Of course, in historical fact, Protestants and Catholics soon produced their own versions of the moral law. In the same way, natural science is not above our assumptions. I’ll leave aside my scepticism about whether the world has the mathematical structure in which Platonists believe. The trouble is that the wisdom we are trying to compensate for by using these scientific studies is in fact required to formulate them. As psychology is roiled by the replicability crisis, psychologists struggle to replicate, among many other things, Fritz Strack and Leonard Martin’s experiment which suggested that smiling makes you happier. Strack and Martin showed subjects Far Side cartoons while asking them to hold a pen in their lips (which causes a frown) or in their teeth (which causes a smile). Pen-in-teeth subjects found the cartoons funnier. Ergo, if you smile more, you are happier. But recently, when psychologists tried to replicate it, they couldn’t. That’s bad news for the scientistic among us. But ignore for a moment the travails of the pseudo-science of psychology, and consider the number of dubious assumptions that entered even into the original experiment. Is grimacing with a pen inside one’s mouth really the same thing as smiling? Is a Gary Larson cartoon a universal marker for funniness? Do people ordinarily find cartoons funny at in a consistent way? Is it possible that different pen positionings were not proxies for smiling and not smiling, but for something else, perhaps for the control offered by holding a pen in one’s teeth vs. the passivity of having it resting between one’s lips? Etc, etc, etc - just as deferring to the natural law requires a lawyer to make a decision for you, so deferring to ‘studies’ passes the decision off to a social scientist. And that is why the the way issues are framed has become so contentious. Jonathan Kay and Debra Soh’s podcast, Wrongspeak, is a nice guide to this controversy in the realm of sexuality.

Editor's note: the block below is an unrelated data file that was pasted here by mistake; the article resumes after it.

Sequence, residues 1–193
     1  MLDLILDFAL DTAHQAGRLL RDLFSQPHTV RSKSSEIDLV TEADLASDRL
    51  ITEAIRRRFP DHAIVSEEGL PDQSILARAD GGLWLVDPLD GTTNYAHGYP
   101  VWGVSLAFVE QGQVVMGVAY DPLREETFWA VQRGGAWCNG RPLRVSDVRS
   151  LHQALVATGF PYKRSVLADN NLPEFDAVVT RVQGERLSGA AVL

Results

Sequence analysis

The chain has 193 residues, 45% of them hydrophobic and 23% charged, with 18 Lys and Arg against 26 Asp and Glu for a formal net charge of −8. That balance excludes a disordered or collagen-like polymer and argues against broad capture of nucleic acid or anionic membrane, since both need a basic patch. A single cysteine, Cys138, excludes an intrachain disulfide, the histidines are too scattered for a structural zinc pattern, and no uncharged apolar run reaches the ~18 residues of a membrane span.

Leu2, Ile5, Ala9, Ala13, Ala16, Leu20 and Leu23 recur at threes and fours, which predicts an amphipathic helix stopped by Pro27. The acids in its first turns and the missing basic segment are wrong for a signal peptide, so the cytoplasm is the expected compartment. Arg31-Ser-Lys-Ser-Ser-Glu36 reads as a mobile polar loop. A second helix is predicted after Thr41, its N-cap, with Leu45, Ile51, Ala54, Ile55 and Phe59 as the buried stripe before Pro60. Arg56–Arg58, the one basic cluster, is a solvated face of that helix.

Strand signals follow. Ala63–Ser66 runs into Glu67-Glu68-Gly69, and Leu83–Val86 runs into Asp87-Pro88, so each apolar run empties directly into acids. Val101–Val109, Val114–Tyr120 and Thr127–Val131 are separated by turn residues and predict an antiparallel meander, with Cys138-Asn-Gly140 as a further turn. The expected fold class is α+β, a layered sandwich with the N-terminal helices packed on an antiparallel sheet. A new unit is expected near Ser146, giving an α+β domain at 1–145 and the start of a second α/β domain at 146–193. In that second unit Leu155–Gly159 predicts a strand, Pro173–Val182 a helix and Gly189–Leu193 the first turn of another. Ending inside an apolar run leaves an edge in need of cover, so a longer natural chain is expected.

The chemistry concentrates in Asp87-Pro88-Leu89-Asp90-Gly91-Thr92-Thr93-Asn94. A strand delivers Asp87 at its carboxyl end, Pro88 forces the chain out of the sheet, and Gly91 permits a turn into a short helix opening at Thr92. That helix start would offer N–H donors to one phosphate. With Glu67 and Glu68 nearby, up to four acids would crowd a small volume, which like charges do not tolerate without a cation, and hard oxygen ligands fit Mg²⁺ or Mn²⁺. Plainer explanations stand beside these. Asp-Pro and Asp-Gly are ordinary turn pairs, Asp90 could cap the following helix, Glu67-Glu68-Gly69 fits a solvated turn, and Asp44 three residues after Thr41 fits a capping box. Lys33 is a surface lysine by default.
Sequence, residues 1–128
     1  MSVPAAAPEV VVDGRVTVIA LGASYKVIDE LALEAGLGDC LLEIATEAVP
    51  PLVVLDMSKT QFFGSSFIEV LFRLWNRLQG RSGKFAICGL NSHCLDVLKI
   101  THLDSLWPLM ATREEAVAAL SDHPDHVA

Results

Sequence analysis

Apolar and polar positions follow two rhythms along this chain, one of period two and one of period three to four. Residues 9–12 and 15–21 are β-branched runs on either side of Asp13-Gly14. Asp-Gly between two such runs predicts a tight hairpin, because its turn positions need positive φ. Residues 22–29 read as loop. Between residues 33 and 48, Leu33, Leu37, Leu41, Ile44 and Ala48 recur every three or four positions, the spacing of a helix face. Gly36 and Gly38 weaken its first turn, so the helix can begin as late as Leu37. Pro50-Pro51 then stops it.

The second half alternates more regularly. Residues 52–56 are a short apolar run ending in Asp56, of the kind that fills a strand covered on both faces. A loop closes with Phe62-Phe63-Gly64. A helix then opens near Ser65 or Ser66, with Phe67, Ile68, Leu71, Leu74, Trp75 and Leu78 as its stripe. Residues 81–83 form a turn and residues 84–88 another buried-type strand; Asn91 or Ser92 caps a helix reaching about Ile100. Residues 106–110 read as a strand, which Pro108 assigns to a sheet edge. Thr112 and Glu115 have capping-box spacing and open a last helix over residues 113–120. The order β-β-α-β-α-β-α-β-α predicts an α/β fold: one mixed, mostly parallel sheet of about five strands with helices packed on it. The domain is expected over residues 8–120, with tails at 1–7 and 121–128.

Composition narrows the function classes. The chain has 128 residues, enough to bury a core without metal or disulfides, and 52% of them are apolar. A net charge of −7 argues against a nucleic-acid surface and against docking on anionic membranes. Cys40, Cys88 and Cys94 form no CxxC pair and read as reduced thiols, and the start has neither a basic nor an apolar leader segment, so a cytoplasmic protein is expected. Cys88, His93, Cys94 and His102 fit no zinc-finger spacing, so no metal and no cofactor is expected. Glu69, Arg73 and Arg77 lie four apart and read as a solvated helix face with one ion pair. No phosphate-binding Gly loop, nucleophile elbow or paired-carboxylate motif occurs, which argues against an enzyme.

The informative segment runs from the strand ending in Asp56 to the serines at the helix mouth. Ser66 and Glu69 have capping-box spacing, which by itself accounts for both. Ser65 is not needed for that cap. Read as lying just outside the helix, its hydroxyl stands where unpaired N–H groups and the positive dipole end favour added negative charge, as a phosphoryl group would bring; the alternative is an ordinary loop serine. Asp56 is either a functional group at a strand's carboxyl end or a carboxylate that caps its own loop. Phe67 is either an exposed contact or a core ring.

Somebody has to do the job of looking at the world and deciding how it is. The basic lesson of Empiricism is that sensing and understanding is our common inheritance. We should not be in such a hurry to give it up. 

The Political Broom

Nowadays one hears more and more about alt- politics, on both the political left and the right. One thing that stands out is the divergence within these alternative groups. Should we focus on identity or strip it away? Is democracy a good thing that is under attack, or is it the source of our troubles? What about free speech? Equality? And how about fraternity? Pick any of the old standards, and it seems to break up the alt ends of the spectrum differently. The result is that the political spectrum looks like a two ended broom, with alternate pictures of the left and right bristling in multiple directions.

I suspect that this is because conservatism and liberalism are defined relative to the present. The handle of the broom is the present: the conservative wants to conserve aspects of the present, and the liberal or progressive wants the present to move in a certain direction. The further ends of the political spectrum share the assumption that you can't get there from here: no amount of conservation (on the right) or guided stepwise progression (on the left) will get us to a just or well-ordered future.